September 3, 2014

Elyria
Fog
65°F
test

Tribe notes: Top of rotation didn’t get the job done

BOSTON — The Indians were on the verge of squandering a 3-1 lead in the American League Championship Series on Sunday. That they were even in position to win Game 7 and advance to the World Series was surprising in itself, considering what Cleveland has received from its top two pitchers in the series.
C.C. Sabathia and Fausto Carmona made two starts apiece with neither winning a game. Sabathia was 0-2 with a 10.45 ERA in the ALCS, while Carmona, the Game 6 loser, was 0-1 with a 16.50 ERA. The pair combined to go 38-15, both producing ERAs just above 3.00.
“You never know what to expect in a seven-game series,” said Indians manager Eric Wedge. “We’ve had other guys step up for us.”
The Indians got wins from the bottom two pitchers in their rotation — Jake Westbrook and Paul Byrd — with Sabathia and Carmona uncharacteristically struggling to find control in each of their outings. Sabathia walked seven and hit three batters in 101/3 ALCS innings, while Carmona walked nine in six innings.
“They weren’t on the plate as much as they needed to be,” Wedge said. “That was what it was as much as anything.”

Back in there

Franklin Gutierrez returned to the lineup Sunday, replacing Trot Nixon, who started Game 6 on Saturday, going 2-for-3 to improve his postseason average to .455
(5-for-11) in four games.
Gutierrez, who entered Sunday batting just .160 (4-for-25) in nine postseason games, gave the Indians better defense in right field.
“He’s one of the big reasons we’re here,” said Wedge. “We’ve got our best defense in there. I liked Trot in the matchup with (Curt) Schilling (in Game 5), but I felt this gave us the best chance to do what we need to do.”

Pronk’s problems

Wedge said Travis Hafner’s offensive struggles this postseason might be a matter of the designated hitter over-thinking at the plate.
Hafner entered Sunday batting just .179 (7-for-39) in 10 playoff games — .130 (3-for-23) in the ALCS — and was without a hit in his last 15 at-bats, striking out nine times over the span.
“He’s such a smart hitter,” Wedge said. “Sometimes, I think he gets a little too complicated. I just want him to go up there and hit.”

Kenny’s curse

The Indians lost Game 7 and the ALCS after leading the series 3-1, and they may have Kenny Lofton to thank. Lofton, who has played for 11 teams in a 16-year career, has also been part of some of baseball’s biggest collapses.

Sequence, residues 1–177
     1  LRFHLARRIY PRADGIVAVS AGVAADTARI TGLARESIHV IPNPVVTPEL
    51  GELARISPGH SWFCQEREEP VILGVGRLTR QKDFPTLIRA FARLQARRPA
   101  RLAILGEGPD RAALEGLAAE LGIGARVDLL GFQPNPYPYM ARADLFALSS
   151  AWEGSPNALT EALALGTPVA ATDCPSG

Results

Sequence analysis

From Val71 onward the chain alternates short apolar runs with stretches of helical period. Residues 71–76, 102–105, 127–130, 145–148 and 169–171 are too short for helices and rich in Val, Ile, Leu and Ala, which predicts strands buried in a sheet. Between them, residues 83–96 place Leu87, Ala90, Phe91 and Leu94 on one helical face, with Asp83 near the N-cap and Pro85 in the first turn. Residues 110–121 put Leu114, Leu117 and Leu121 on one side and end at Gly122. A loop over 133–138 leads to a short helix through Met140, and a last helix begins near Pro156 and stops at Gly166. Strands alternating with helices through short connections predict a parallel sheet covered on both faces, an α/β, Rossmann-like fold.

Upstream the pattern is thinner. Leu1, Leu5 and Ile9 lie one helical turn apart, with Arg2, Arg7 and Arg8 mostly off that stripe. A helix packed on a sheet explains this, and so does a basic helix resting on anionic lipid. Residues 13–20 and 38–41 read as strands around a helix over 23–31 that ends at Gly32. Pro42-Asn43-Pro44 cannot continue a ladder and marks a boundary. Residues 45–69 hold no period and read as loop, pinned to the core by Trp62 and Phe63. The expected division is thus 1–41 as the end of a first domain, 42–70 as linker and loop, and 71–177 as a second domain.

He was a member of a 1999 Indians team that lost the five-game Division Series to Boston after winning the first two games.
He played for the 2002 Giants, which held a 5-0 lead in Game 6 of the World Series, but lost that game and Game 7 to lose the title to the Angels.
He was a Chicago Cub in 2003, the year of Steve Bartman fame, and was five outs from advancing to the World Series in Game 6 of the NLCS against Florida before losing that one and Game 7.
Finally, he played for the Yankees in 2004, when they squandered a 3-0 ALCS lead to Boston, which advanced to the World Series and won its first world championship since 1918.

Laffey’s matter

The Indians got a surprisingly strong effort in Game 6 from Aaron Laffey, who had not made an appearance this postseason, but threw 42/3 scoreless innings, allowing one hit, a walk and striking out three after relieving Rafael Perez in the third inning.
“That was pretty neat,” Wedge said. “The kid hadn’t pitched in three weeks, and then you give him the ball and it’s, ‘Oh, by the way, (David) Ortiz is the first guy you’re going to face.”‘

Roundin’ third

Over the final three games of the series, the Red Sox outscored the Indians 30-5.
The Red Sox made a strange choice to throw out the ceremonial first pitch Sunday, a member of the Baltimore Orioles, Kevin Millar. Millar was an inspirational leader on Boston’s world championship team in 2004, coining the phrase, “Cowboy up.” “I love it, but I don’t get it,” said Boston manager Terry Francona of Millar tossing the first pitch. Millar got a rousing ovation from the Fenway faithful.
Contact Chris Assenheimer at 329-7137 or cassenheimer@chroniclet.com.